If you think that the London Oratory is such a good school, and that it is a good school by virtue of its superior teaching and ethos, rather than because it cherry-picks its pupils, then I suggest an experiment. Have the Oratory, for a period of say 7 years, change its admissions criteria so that it acts just as any other comprehensive with a catchment area.

    Then see what the GCSE results are for the first 3 years or un-selected intake, and whether they continue to match the results London Oratory gets today.

    If they are as good, then I’m sure the whole country will be wanting to know how they did and to learn from them, and you will have given the biggest possible boost to Catholic education.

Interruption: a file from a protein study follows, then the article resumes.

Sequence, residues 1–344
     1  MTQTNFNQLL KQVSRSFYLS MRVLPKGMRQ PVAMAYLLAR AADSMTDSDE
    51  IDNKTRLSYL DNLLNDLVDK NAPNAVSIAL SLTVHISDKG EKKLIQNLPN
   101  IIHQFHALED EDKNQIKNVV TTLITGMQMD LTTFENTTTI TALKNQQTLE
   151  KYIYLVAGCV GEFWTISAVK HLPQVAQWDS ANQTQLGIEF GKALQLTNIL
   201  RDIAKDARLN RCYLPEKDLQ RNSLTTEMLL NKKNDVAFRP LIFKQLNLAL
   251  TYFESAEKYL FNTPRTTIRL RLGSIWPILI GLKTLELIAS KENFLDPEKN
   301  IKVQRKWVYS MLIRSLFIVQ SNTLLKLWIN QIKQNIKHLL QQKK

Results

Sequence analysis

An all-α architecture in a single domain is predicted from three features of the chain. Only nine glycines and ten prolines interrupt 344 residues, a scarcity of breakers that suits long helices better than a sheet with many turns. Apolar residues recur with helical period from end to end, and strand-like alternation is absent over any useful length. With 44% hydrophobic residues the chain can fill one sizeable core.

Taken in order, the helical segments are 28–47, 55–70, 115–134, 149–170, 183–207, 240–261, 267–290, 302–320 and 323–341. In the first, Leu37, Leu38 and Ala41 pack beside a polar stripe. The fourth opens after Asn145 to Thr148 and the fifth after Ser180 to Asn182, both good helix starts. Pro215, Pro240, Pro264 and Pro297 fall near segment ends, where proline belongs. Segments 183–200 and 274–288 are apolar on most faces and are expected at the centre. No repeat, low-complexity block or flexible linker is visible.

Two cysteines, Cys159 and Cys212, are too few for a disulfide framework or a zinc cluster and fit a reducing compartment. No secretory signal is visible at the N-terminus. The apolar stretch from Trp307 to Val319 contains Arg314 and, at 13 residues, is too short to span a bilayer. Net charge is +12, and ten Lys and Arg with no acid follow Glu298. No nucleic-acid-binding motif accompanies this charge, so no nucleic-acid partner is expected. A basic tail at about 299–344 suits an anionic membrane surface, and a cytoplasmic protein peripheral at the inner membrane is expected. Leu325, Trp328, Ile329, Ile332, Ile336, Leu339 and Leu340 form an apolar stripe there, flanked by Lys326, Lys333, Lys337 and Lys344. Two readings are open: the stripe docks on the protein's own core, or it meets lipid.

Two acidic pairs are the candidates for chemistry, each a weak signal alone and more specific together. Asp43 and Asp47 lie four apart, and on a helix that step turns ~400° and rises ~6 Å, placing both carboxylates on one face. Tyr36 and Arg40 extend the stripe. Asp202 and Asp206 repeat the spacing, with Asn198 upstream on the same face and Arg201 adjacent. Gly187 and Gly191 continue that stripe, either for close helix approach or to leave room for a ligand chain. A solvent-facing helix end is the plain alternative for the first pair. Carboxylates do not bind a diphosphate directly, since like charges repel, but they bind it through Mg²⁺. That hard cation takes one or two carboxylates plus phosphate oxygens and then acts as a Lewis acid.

• http://jabbapapa.wordpress.com/ Julian Lord

    Do you think that schools with any muslim pupils should only serve halal
    food, irrespective of the fact that some (or even most) pupils are not
    muslim?

    Do you think that the above is an irrelevant non sequitur ?

    I do, anyway.

  • Jonathan West

    I agree, and so was vitrioliccupcake’s suggestion that Jewish schools should be forced to serve pork at lunchtime.

    So I suggest that you offer an answer on the point in question, which is the London Oratory’s admission criteria. What do you think of my suggestion that the Oratory should completely de-restrict its admission criteria and then see if it does better than other schools?